Her refusal to sign shows she is invested in her marriage. If she wants a successful marriage, she cannot put her parents before her husband.
If they are really worried that this man will inherit the family money, there are things they can do, such as write a will that says, in case of divorce, he will not be entitled to any of their money.
In other words, there are protective legal mechanisms they could employ, instead of being so demonstrative about setting up sides and forcing Ellie to choose, which seems aimed at being disruptive toward their marriage. They could either tell Ellie about these provisions or not.
Whether the husband would get some of Ellie’s assets in case of her death or divorce is a different legal matter, and out of her parents’ hands. But their attitude shows they want to control not just Ellie’s inheritance but also her own assets.
Using their money as a weapon to undermine their daughter’s happiness is not appropriate. It is, however, their prerogative.
For whatever reason, they have decided they don’t like this man, and the post-nup issue is a manifestation of this dislike. It might indicate they are feeling insecure about their relationship with their daughter now that she has, unexpectedly, gotten married.
If they maintain their position, they could erode their relationship with their daughter.
If they are reasonable people, this divide is something Ellie can do something about — reassuring her parents that she loves them, spending more time with them or whatever else might calm them down. Don’t discount the possibility that Ellie has in some way made them feel insecure.
On the other hand, it’s possible nothing she can do will ever satisfy them.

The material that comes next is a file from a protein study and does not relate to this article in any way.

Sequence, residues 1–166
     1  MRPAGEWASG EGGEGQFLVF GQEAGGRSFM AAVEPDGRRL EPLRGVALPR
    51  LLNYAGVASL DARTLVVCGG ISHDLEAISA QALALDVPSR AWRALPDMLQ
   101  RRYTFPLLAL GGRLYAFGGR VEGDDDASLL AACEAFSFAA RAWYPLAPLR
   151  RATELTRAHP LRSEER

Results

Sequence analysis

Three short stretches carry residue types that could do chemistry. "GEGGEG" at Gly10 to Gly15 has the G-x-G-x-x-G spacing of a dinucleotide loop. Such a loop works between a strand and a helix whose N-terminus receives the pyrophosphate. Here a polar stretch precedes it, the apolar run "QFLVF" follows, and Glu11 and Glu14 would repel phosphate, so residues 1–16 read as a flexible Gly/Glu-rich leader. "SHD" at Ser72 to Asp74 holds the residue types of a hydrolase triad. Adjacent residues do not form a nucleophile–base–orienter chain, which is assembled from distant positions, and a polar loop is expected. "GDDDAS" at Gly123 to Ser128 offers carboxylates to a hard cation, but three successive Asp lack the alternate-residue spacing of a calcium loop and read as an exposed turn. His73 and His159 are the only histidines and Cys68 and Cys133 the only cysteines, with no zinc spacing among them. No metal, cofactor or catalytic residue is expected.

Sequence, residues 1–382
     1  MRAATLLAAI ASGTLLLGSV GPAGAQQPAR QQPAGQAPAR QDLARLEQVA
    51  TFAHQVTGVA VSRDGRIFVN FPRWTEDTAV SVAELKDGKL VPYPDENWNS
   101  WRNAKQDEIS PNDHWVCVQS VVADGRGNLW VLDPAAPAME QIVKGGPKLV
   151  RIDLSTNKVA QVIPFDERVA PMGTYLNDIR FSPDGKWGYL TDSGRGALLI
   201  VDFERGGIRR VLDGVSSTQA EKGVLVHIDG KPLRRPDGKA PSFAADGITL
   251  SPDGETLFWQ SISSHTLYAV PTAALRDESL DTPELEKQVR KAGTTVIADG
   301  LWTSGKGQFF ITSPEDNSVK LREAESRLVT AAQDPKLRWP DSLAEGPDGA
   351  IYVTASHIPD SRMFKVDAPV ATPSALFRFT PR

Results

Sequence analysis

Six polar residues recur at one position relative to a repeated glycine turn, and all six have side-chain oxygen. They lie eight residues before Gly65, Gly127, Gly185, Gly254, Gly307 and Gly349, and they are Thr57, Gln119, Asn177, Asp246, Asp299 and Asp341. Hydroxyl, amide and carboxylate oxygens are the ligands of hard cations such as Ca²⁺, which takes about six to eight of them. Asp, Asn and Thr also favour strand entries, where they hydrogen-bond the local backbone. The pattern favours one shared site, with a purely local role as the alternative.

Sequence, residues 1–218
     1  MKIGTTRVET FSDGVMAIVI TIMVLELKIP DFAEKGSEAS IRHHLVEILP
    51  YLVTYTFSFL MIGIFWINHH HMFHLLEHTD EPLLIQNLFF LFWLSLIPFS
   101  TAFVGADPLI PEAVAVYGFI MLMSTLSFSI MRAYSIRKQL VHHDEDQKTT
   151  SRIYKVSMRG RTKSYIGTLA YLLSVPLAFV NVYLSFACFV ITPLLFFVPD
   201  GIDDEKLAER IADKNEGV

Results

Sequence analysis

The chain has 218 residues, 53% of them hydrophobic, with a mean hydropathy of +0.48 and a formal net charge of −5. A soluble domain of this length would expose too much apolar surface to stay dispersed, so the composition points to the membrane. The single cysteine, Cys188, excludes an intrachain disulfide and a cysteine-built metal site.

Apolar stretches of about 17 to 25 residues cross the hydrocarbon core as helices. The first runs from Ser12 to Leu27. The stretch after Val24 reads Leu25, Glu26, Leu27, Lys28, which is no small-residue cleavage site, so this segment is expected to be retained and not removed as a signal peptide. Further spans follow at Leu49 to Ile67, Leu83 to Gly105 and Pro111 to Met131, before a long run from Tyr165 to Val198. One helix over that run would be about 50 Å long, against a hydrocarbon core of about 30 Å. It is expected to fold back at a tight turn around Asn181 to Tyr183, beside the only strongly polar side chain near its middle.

Their insistence on causing a divide is antithetical to the very thing they seem to want — to protect their daughter and be close to her.
For decades, she has been too old for them to say, “We are doing this for your own good because you can’t possibly know any better.” They should be having an adult-adult relationship now, not an adult-child relationship. If they do not back down, they are not treating her with much respect.
Dr. Gail’s Bottom Line: Setting up a situation that forces someone to choose between relatives, spouses or parents creates an unhealthy dynamic likely to breed resentment and distance.
Any ideas, suggestions in this column are not intended as a substitute for consulting your physician or mental health professional. All matters regarding emotional and mental health should be supervised by a personal professional. The author shall not be responsible or liable for any loss, injury or damage arising from any information or suggestion in this column.
Dr. Gail Saltz is a psychiatrist with New York Presbyterian Hospital and a regular contributor to TODAY. Her most recent book is “The Ripple Effect: How Better Sex Can Lead to a Better Life” (Rodale). For more information, please visit www.drgailsaltz.com.